Lifelong learning and welfare reform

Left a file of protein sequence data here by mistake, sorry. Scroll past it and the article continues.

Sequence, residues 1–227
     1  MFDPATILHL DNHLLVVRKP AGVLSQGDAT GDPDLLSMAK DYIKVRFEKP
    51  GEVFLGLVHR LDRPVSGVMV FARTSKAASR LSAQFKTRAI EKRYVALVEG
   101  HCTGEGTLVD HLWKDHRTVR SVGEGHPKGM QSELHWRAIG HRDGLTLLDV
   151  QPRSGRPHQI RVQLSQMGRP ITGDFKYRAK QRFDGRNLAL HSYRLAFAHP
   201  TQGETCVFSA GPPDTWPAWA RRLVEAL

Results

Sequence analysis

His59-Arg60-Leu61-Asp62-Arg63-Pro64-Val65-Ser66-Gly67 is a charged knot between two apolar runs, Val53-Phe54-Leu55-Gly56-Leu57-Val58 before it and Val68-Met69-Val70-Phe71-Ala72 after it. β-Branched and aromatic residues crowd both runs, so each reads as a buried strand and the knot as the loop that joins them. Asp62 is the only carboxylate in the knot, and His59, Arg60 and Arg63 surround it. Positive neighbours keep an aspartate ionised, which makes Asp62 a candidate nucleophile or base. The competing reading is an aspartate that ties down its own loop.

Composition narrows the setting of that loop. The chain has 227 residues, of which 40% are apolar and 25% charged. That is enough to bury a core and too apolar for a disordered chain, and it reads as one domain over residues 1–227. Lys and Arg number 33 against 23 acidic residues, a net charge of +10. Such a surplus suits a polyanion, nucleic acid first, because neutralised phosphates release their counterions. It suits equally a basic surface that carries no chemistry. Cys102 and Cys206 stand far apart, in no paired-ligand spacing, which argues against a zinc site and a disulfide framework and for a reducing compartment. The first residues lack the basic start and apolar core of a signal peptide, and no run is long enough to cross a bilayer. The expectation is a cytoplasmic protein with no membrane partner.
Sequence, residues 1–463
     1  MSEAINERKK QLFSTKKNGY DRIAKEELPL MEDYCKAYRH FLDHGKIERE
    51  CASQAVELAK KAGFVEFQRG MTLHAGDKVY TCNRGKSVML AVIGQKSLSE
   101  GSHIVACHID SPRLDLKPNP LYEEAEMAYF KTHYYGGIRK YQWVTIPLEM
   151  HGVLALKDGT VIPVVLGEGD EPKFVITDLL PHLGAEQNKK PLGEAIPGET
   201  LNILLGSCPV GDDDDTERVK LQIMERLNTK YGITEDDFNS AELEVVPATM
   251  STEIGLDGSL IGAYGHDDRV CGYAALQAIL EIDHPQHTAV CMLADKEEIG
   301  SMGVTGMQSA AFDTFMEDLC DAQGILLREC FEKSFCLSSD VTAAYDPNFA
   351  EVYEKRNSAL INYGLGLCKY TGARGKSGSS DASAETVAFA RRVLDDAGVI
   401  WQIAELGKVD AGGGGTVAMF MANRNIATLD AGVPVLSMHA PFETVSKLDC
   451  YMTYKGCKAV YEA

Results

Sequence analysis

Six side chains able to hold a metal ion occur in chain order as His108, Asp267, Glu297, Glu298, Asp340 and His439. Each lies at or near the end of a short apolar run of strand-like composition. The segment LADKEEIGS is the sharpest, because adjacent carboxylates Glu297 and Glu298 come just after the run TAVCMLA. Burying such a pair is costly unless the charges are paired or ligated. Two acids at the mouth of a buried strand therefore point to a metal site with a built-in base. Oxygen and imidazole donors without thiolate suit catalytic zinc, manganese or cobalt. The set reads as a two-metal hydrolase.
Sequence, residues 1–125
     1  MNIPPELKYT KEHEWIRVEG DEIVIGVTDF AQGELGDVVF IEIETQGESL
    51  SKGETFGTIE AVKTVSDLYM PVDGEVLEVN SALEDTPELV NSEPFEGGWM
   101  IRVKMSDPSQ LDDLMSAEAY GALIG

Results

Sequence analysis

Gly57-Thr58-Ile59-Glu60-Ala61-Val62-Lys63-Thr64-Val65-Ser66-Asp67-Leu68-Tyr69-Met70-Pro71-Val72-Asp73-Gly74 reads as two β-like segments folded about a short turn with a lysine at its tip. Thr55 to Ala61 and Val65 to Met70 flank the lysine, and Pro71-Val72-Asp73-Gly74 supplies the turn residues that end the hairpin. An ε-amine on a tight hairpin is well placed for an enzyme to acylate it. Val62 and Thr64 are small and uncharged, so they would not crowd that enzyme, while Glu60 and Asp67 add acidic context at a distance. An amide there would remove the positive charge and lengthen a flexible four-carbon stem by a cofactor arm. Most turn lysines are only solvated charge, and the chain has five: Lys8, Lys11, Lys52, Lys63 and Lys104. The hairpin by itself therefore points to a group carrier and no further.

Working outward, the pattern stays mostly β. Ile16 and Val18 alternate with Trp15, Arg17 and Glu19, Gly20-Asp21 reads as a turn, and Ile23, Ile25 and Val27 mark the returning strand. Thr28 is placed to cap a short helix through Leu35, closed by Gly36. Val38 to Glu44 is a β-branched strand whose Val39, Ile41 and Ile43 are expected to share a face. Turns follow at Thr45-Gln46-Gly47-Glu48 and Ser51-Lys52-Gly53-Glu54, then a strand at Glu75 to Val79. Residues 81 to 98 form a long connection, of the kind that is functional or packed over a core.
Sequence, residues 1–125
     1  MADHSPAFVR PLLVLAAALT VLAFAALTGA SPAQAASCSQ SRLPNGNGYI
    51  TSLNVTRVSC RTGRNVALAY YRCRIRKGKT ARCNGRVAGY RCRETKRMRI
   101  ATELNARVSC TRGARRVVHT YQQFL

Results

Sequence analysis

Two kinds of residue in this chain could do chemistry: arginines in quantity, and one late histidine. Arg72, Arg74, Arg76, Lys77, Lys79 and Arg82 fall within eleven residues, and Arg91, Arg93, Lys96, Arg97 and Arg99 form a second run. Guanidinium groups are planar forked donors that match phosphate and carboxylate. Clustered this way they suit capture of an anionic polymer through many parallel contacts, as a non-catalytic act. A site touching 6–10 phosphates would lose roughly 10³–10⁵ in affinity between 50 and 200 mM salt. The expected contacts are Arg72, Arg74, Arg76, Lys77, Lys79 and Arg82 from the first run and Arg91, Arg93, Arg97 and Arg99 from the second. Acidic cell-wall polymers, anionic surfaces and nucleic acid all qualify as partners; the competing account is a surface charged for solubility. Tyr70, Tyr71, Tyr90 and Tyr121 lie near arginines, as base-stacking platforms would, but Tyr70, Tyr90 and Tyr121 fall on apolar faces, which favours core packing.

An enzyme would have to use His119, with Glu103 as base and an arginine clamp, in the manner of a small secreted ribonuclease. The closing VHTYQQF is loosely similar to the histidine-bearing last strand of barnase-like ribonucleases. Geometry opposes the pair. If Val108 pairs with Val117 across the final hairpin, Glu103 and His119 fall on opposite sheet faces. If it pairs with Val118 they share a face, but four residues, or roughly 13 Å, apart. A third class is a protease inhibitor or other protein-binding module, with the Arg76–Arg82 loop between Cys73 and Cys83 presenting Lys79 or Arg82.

This is the second of two papers which explore the scope and limitations of lifelong learning as an object of policy. In the first (see Griffin 1999) the evolution of the social democratic perspective was described. According to this perspective, it was suggested, the attempt to render lifelong learning as an object of policy entailed a reductionist concept of learning, so that it stood for little more than the expansion of education and training provision. In the following paper, an alternative perspective on lifelong learning, also emerging from the policy literature, removes it from the possibility of traditional policy analysis, relocating it in culture, civil society and patterns of lifestyle, leisure and consumption. Analytic distinctions between education and learning, function and provision, policy and strategy, and markets and quasi-markets are employed to explore various policy models. It is suggested that this perspective on lifelong learning needs to be understood in relation to policies for welfare reform and the crisis of the welfare state. In effect, it amounts to the integration of education policy into wider policies for welfare reform.
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